Being an expat is not always easy, but it also not a nightmare.
It all depends on you, on your attitude, on your openness, on your willing to adapt, to learn, to change your mind if necessary, to discover and try new things, to see the world with other eyes.
Personally I am very happy, as an expat, and I regret nothing.
Or maybe is my only regret that I didn't leave Italy way earlier than I did.
But this would be another story, so stay tuned for another blogpost about that.
People ask me often how I did what I did.
How I learned German that fast.
How I survived abroad alone.
How I kept living in Berlin even if it was very hard and heartbreaking sometimes.
And usually they are very disappointed by my answer. Even if my answer is always 100% sincere.
But there are no magic potions, no unicorns, no Sugar Plum Fairy in it.
The naked truth is...
I succeeded because I wanted to.
I learned German that fast because I wanted to and I learned it every day and I still learn something new about this beautiful language every day.
I survived abroad alone without knowing anybody while moving to Berlin because I wanted to and giving up was not an option to me. So I tried almost everything to get to know new people, make new friends and find a pleasant way for both to interact. And I am still in for it.
I kept living in Berlin even if the first year was just a huge cultural shock after another, because I wanted to and I was ready to cry, fight and adapt for it. And I still am.
This doesn't mean that it has been easy. Or painless. Or always as I wanted it to be. Most of the time, not really. But in the end, I guess that the over four years spent in Berlin have been the most important, intense and formative in my life and I am very grateful for them.
Even after four years, I am deeply in love with the city and every morning I wake up and smile.
Still, I miss something about Italy sometimes.
[Vegan, healthy and delicious:
traditional Ligurian recipe farinata
Image source: Giallo Zafferano]
#1. being able to go out with my Italian friends and to hug them every time I just feel like, even if Skype is one of the best inventions ever; 1 point for Italy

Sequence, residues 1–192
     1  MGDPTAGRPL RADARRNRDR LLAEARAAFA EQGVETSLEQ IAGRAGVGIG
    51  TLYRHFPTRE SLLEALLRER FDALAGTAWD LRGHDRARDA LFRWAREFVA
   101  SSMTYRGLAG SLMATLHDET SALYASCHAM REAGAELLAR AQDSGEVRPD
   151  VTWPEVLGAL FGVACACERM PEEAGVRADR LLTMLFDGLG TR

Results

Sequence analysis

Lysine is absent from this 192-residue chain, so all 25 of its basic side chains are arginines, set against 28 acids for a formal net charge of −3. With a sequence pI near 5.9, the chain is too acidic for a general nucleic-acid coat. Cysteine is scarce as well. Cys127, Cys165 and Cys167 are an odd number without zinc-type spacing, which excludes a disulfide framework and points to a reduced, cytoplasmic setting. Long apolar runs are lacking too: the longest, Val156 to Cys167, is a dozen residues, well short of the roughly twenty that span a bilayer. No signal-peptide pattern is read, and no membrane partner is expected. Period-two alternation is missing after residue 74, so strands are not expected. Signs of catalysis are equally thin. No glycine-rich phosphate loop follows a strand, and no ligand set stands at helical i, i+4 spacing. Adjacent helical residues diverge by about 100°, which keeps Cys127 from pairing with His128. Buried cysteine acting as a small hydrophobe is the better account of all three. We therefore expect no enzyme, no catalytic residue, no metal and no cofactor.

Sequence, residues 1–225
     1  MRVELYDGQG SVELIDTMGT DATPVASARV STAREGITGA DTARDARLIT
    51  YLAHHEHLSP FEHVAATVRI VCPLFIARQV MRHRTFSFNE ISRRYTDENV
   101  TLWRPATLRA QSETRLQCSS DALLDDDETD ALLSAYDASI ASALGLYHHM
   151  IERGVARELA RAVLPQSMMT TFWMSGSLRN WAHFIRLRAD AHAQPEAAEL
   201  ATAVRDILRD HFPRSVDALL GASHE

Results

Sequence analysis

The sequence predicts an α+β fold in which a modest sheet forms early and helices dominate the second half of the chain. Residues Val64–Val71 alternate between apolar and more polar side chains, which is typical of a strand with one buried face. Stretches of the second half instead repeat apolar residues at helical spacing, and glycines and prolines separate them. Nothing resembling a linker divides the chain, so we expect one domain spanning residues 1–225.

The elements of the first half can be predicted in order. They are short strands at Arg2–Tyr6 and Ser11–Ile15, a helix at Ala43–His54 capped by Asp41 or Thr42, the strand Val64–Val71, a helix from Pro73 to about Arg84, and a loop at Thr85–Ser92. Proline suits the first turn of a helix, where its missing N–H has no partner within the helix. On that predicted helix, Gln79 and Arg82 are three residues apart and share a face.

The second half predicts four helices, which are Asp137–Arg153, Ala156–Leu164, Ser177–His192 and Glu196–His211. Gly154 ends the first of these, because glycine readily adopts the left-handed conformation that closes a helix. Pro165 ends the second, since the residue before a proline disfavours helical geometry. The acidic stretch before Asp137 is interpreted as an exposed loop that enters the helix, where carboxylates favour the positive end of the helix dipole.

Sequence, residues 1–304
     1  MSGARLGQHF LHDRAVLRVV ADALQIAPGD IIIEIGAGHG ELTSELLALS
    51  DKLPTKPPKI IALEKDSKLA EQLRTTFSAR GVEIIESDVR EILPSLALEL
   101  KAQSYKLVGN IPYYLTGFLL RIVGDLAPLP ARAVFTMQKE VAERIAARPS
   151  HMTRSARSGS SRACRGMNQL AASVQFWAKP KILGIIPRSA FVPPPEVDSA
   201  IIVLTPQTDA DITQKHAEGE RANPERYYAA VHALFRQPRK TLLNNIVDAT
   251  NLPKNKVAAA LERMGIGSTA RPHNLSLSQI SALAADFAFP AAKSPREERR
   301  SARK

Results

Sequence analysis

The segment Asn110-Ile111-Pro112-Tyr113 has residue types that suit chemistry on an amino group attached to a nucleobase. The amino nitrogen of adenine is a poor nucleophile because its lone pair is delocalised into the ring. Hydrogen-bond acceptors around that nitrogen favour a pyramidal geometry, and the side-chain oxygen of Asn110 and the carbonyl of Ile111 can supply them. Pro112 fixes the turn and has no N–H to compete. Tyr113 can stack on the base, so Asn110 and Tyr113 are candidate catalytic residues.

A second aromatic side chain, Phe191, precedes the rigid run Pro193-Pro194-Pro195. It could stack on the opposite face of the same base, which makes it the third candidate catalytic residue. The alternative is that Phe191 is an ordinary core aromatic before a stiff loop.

#2. enjoying the sun on my face at least 200 days a year, since sunlight and colour of the sky are very different in Berlin, but in Berlin I need less sunscreen, at any rate; break-even
#3. being able to find Italian books very easily, even if I can buy them online or find some of them at Dussmann; break-even
#4. being able to speak in a language while being sure the whole time that everything I am saying is grammatically correct, stylistically elegant, funny and appropriate to the occasion.
As an author, proofreader and translator, this could be seen as a big problem, but I have to say that living abroad gave me the chance to learn a new foreign language, to improve two foreign languages I already knew and it took away from me the fear of making mistakes, so I can live with the grammatical uncertainty, after all; 1 point for Germany
#5. shopping at my favourite boutique in Via Po (Turin, Italy), where almost everything is cool, elegant, original and not too expensive, even if in Berlin I can enjoy wonderful second hand shops and vintage shops; break-even
#6. flirting with someone while knowing the whole time how every aspect of the flirting game works. But not knowing everything is also very interesting sometimes... break-even
#7. last but not least... a delicious slice of farinata. Never found in over four years a place where to eat it in Germany, but I will keep looking. 1 point for Italy
2-1 points for Italy, in the end. So if you hear about a place in Berlin that offers farinata...
Just drop me a line, ok?
Mood: Allein but not einsam, as the Germans
Rebirth, in German
Mood: Like a Rolling Stone (again)
Tags: Being an expat, Cultural shock, Living in Berlin, Italian books at Dussmann, Farinata